The only time that life insurance premiums becomes a good investment in a sense is when the odds shift into your favor, so to speak.   If your health or your spouse's has declined severely and the odds of dying much younger (than the insurance tables specify) increase substantially, then the premiums could be a good investment on its own.  

Most people should not read further, as this would not be applicable to anything other than charitable giving involving a low cost basis asset.


In one case, we used a "Wealth Replacement Trust" so that we could make a large charitable contribution where we were able to avoid huge capital gains but still provide some benefits to the donor.  The problem was that the payoffs were over time, so if the donor passed away his estate would not have recovered enough benefits to offset what was given away.  In that case, the life insurance premiums were fairly minimal, so the life insurance could be used to provide enough money back to the kids to replace the wealth that was given away after deducting for the tax effect.  So it was "wealth replacement" insurance, so that the strategy we were using would never result in a loss to the estate.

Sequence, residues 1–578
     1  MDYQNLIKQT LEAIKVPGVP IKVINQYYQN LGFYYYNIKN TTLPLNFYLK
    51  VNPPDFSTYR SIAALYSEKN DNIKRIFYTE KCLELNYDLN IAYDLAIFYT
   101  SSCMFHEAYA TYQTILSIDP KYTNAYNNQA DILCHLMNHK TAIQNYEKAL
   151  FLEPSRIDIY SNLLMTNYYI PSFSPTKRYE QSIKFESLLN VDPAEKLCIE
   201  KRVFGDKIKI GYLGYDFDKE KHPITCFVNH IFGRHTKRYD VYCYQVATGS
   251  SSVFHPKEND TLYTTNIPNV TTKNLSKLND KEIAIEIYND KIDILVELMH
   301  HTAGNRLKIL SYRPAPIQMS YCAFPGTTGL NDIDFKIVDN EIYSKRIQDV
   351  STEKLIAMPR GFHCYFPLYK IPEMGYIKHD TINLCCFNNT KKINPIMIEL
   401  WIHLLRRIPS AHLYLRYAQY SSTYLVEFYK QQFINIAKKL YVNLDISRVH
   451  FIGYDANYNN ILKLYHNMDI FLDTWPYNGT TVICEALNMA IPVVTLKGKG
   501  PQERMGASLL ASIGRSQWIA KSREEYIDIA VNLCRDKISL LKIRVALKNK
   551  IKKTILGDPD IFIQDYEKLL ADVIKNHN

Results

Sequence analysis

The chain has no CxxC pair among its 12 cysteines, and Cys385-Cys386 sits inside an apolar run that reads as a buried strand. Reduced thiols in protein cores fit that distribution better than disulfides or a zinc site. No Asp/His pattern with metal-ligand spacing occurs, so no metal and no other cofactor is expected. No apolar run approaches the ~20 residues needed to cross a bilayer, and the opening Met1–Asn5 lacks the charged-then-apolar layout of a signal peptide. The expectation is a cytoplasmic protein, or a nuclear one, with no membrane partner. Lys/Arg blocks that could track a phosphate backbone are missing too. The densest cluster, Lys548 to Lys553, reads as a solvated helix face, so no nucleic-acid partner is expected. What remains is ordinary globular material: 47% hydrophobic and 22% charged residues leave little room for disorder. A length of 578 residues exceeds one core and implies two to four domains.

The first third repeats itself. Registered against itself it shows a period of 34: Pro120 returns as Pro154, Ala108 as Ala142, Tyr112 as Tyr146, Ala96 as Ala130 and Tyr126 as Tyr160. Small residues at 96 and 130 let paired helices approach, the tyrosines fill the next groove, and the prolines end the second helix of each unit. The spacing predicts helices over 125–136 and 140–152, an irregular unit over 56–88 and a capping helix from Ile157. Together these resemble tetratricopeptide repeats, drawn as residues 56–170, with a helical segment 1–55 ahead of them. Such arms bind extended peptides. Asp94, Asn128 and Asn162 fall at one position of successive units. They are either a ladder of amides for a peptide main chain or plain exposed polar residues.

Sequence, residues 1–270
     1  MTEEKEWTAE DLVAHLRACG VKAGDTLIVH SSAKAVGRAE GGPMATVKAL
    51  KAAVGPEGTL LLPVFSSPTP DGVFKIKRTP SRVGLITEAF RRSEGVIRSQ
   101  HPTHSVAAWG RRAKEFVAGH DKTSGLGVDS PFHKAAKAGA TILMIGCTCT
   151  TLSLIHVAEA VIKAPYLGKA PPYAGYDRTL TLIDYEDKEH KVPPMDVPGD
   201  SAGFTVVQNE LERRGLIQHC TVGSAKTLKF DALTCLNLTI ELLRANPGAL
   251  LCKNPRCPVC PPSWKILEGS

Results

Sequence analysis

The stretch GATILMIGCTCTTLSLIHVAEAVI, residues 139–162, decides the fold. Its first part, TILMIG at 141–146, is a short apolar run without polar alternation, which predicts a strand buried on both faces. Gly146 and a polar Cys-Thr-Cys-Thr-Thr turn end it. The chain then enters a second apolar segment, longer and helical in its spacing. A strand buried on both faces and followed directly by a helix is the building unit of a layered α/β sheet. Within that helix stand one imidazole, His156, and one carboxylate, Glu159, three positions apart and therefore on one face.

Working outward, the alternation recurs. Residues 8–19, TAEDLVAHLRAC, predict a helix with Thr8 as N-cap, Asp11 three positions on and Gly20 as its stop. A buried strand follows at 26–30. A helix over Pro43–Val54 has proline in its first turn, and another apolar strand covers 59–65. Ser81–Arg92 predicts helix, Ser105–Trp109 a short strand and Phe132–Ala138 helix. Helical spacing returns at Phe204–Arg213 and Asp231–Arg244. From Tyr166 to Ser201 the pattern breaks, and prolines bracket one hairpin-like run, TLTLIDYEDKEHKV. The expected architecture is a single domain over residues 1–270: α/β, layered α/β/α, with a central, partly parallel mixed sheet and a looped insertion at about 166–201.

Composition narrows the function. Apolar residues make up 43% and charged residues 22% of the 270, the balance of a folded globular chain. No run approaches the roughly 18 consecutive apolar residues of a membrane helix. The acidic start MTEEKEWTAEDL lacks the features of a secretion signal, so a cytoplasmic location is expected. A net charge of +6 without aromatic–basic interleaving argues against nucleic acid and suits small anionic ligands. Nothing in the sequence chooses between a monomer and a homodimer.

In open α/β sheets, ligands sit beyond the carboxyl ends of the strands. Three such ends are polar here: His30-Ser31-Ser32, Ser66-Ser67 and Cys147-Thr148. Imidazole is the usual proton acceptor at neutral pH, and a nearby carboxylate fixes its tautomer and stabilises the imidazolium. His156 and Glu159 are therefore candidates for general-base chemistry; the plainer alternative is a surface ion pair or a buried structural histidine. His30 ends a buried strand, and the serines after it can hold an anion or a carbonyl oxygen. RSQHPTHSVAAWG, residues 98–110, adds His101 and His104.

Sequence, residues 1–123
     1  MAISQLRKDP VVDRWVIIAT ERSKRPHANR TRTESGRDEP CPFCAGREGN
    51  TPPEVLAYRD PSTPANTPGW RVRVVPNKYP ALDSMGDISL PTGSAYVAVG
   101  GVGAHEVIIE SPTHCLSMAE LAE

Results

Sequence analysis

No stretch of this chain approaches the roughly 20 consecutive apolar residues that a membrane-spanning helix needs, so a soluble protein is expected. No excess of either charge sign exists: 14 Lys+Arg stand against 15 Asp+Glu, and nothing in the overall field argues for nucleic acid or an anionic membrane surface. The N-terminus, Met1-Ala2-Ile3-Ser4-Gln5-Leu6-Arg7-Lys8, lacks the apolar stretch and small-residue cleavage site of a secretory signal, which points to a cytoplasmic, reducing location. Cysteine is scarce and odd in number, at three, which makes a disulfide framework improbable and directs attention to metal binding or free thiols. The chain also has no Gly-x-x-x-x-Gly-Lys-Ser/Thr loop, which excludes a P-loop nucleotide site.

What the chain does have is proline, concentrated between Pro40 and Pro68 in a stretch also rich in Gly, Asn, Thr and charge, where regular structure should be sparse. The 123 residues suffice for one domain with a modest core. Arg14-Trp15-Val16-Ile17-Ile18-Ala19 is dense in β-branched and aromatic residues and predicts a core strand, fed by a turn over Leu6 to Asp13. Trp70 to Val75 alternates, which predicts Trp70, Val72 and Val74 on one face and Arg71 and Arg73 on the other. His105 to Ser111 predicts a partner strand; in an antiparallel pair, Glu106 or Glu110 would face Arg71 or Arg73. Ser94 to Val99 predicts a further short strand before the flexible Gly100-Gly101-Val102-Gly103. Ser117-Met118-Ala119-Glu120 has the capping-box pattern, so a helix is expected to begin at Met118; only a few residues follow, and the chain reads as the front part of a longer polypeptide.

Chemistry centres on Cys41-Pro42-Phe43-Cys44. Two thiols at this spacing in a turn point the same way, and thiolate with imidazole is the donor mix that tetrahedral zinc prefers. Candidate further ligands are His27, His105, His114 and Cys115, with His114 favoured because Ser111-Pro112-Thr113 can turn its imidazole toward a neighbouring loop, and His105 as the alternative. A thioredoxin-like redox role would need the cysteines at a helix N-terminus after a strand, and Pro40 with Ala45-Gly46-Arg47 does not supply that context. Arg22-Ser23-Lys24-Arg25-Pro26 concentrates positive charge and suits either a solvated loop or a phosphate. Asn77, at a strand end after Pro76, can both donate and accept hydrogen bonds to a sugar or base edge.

However, once sufficient benefits were accumulated to where the assets going to the kids were greater than the initial amount, the "replacement" insurance was no longer needed.  Then it would revert to the logic up above. 

A 2002 Nobel Prize winner in economic sciences, Dr. Kahneman has laid the foundation for a new field of research, called behavioral economics, by discovering how human judgment may take shortcuts that systematically depart from basic principles of probability.  As mentioned, some discussion relevant to this is in The Irrational Investor .

This is all part of a special course I am developing (or may have finished developing by the time you've read this):  The Course In Stupid Thinking 101, with a title meant to prod where it is actually a failure about learning how to do smart thinking. 

This is solely an opinion and "logic" piece, with some theory and principle included, for your consideration in thinking all of this out.  It is not meant as a conclusion that is immutable, as circumstances and various factors may vary over time.  Use it only for "understanding", but do a thorough analysis before making a decision, using a qualified objective expert. 

The Irrational Investor - Contains some of the thinking that we as consumers should be aware of.

Investing Wisdom And Reasoning